Background Low levels of serum 25–hydroxy vitamin D (25(OH)D), have been associated with development of type 2 diabetes and cardiovascular disease (CVD); however there are limited data on serum 25(OH)D in Indigenous Australians, a population at high risk for both diabetes and CVD. We aimed to assess levels of serum 25(OH)D in Aboriginal and Torres Strait Islander Australians and to explore relationships between 25(OH)D and cardio-metabolic risk factors and diabetes. Methods 592 Aboriginal and/or Torres Strait Islander Australian participants of The eGFR (estimated glomerular filtration rate) Study, a cross-sectional analysis of a cohort study performed in 2007–2011, from urban and remote centres within communities, primary care and tertiary hospitals across Northern Territory, Far North Queensland and Western Australia. Assessment of serum 25(OH)D, cardio-metabolic risk factors (central obesity, diabetes, hypertension, history of cardiovascular disease, current smoker, low HDL-cholesterol), and diabetes (by history or HbA1c ≥6.5%) was performed. Associations were explored between 25(OH)D and outcome measures of diabetes and number of cardio-metabolic risk factors. Results The median (IQR) serum 25(OH)D was 60 (45–77) nmol/L, 31% had 25(OH)D <50 nmol/L. For participants with 25(OH)D < 50 vs ≥50 nmol/L, cardio-metabolic risk profile differed for: diabetes (54%, 36% p < 0.001), past history of cardiovascular disease (16%, 9%, p = 0.014), waist-hip ratio (0.98, 0.92, p < 0.001), urine albumin-creatinine ratio (2.7, 1.5 mg/mmol, p < 0.001). The OR (95% CI) for diabetes was 2.02 (1.03 – 3.95) for people in the lowest vs highest tertiles of 25(OH)D (<53 vs >72 nmol/L, respectively) after adjusting for known cardio-metabolic risk factors. Conclusion The percentage of 25(OH)D levels <50 nmol/L was high among Aboriginal and Torres Strait Islander Australians from Northern and Central Australia. Low 25(OH)D level was associated with

  18. Frequency and risk factors for urinary tract infection in cats with diabetes mellitus.

    PubMed

    Bailiff, N L; Nelson, R W; Feldman, E C; Westropp, J L; Ling, G V; Jang, S S; Kass, P H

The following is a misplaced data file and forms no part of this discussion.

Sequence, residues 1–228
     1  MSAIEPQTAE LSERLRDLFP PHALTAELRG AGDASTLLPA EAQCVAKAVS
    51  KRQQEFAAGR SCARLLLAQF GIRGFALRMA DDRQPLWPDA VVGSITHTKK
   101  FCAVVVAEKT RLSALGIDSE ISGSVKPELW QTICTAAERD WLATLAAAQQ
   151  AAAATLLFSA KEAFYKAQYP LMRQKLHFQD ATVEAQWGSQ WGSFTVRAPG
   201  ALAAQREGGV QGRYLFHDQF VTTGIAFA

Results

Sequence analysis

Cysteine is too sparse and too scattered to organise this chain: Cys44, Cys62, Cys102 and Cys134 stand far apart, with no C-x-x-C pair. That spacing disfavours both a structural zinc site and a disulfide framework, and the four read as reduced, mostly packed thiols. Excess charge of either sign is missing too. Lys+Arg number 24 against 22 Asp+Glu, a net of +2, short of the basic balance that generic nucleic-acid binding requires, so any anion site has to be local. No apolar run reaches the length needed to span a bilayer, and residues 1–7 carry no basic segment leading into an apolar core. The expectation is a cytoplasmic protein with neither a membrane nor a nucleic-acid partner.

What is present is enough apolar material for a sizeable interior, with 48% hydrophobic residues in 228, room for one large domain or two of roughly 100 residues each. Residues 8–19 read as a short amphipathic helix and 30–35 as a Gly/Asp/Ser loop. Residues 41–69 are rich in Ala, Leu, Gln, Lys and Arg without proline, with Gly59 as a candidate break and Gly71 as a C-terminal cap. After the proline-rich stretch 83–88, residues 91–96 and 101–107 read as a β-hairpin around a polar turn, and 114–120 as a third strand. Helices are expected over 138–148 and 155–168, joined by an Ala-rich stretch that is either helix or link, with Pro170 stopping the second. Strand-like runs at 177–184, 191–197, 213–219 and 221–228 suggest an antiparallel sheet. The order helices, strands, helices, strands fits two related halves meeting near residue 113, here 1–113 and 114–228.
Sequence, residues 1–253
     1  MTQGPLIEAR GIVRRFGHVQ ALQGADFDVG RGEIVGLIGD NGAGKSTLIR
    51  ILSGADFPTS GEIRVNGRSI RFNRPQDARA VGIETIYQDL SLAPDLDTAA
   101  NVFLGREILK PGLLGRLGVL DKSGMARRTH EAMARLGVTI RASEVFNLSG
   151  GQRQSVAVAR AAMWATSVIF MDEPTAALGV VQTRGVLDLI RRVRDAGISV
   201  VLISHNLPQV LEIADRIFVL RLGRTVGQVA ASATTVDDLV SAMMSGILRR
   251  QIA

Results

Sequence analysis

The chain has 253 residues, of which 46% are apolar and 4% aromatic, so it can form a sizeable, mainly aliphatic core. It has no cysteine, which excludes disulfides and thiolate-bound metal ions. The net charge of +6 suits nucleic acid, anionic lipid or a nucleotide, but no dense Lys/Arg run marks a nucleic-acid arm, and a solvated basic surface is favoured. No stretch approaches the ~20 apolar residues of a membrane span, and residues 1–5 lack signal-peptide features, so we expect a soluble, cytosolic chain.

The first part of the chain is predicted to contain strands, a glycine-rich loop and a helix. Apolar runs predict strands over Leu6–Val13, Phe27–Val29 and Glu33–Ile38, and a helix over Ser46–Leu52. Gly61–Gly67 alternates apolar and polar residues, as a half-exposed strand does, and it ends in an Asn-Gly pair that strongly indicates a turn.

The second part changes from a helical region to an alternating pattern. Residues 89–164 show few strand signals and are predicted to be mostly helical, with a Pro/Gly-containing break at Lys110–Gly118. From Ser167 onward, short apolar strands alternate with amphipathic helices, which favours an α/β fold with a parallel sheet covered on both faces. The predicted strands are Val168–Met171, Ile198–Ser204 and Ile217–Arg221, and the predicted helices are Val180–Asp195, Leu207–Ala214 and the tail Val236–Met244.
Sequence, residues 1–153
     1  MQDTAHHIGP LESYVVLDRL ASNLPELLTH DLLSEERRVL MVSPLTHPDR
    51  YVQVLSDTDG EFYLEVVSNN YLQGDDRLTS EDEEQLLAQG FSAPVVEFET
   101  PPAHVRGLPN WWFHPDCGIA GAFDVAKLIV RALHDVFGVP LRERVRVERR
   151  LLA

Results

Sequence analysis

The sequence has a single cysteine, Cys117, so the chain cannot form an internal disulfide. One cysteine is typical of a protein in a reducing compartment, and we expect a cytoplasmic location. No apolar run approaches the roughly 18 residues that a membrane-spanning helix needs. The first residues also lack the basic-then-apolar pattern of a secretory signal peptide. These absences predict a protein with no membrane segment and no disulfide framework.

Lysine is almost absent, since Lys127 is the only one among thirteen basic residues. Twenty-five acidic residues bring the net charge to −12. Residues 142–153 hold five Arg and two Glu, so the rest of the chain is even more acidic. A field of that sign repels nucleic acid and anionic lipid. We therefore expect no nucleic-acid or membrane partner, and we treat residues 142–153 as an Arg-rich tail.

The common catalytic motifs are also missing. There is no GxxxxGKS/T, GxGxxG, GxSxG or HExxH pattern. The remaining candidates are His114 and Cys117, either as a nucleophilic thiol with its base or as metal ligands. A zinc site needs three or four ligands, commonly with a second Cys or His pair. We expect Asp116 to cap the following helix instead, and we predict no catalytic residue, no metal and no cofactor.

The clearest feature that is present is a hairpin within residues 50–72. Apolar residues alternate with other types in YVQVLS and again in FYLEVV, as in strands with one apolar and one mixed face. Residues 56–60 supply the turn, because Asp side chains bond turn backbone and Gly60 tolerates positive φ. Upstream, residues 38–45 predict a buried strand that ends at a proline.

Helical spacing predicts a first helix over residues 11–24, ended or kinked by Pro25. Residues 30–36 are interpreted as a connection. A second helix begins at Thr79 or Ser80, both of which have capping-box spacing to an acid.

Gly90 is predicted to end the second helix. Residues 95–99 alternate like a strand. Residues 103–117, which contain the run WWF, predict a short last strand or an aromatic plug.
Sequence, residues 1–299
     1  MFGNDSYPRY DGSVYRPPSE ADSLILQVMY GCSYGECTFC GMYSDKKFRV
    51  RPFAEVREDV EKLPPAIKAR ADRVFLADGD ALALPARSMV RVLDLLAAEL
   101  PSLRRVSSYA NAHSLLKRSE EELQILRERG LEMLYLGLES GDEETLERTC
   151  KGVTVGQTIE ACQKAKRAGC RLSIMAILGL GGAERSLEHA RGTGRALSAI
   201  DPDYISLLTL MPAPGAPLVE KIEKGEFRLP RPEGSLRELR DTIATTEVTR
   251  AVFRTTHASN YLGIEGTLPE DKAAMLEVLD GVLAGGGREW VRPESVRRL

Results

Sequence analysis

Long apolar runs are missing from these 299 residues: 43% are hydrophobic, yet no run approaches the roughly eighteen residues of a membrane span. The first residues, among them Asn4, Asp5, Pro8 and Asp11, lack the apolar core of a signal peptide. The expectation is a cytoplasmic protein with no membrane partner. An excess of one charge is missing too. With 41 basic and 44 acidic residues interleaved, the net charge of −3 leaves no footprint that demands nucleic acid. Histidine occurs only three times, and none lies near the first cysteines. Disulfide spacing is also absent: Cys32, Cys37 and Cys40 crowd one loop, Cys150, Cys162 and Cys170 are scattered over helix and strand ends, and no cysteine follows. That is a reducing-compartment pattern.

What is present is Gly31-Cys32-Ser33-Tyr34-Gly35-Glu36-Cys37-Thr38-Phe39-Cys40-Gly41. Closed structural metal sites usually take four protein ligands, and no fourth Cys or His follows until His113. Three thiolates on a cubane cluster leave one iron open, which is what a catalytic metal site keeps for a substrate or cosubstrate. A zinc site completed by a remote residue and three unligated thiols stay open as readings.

2006-01-01

    Identification and control of infections are important in the management of diabetic cats. Urinary tract infections have not been well characterized in diabetic cats. This retrospective study was performed to review and characterize urinary tract infections in diabetic cats. Urinary tract infections are common in diabetic cats. A review was made of the medical records of 141 diabetic cats that had had urine obtained for culture by antepubic cystocentesis and that had not been treated with antibiotics, undergone urinary tract catheterization or urinary tract surgery within 2 weeks of urine collection or had urethral obstruction at the time of urine collection. A review of medical records. Urinary tract infection was identified in 18 of 141 diabetic cats. Escherichia coli was the most common isolate (67%). Female cats were at increased risk (prevalence odds ratios [POR], 3.7; 95% confidence interval [CI], 1.3 to 10.2; P = .013). Clinical signs of lower urinary tract disease and findings on urine sediment examination were good predictors of positive urine cultures. Urinary tract infections are common in diabetic cats regardless of status of diabetic control, suggesting routine monitoring with urine sediment exams or urine culture is warranted.

  19. [A study on risk factors and perceptions of diabetes among urban and suburban residents from six provinces in China].

    PubMed

    Li, Yinghua; Li, Li; Nie, Xueqiong; Sun, Siwei; Huang, Xianggang; Shi, Mingfei; Li, Fangbo; Wei, Wei

    2014-07-01

    To study the epidemiological status of diabetes' risk factors among urban and suburban residents and their perceptions of their own health status and risk of diabetes. Stratified multi-stage sampling method was used to conduct the survey among 18-60 years old residents from Zhejiang, Jiangsu, Shanxi, Henan, Yunnan, and Qinghai provinces in China from March to May in 2013. The Questionnaire of Health Literacy of Diabetes Mellitus of the Public in China was used to conduct the survey, and then the data were analyzed. The main contents of the questionnaire included diabetes mellitus knowledge, diabetes mellitus risk factors and diabetes mellitus risk self-assessment. The results of the survey were standardized by the 6(th) national census data. A total of 4 416 respondents were surveyed, and 4 282 valid questionnaires were successfully collected during the survey and the response rate was 97.0%. After weighted adjustment, the overweight and obesity rate of the residents in 6 provinces was 35.3%, abdominal obesity rate was 54.7%. 77.8% of the residents without diabetes had more than one risk factor, but only 8.5% thought they might got diabetes. The residents with high risk behavior possessing rates of diabetes were in eastern areas (79.7%), urban areas (80.7%), men (84.1%), aged from 45 to 60(100.0%), below primary school education level (83.4%) and enterprise personnel (79.7%). The residents with high risk consciousness of getting diabetes were in eastern areas (11.0%), urban areas (9.7%), men (9.7%), aged from 45 to 60 (12.3%), over college education level (12.7%) and the offices (14.7%). The results of logistic regression showed that residents in the middle areas (OR = 2.148, 95% CI: 1.633-2.920), urban residents (OR = 2.100, 95% CI: 1.611-2.738), male (OR = 2.488, 95% CI: 1.962-3.154), the older (OR = 1.102, 95% CI: 1.090-1.115) had a higher risk behavior rate of diabetes mellitus. Urban residents (OR = 2.784, 95% CI: 1.497-5.175), male (OR = 1.522, 95% CI: 1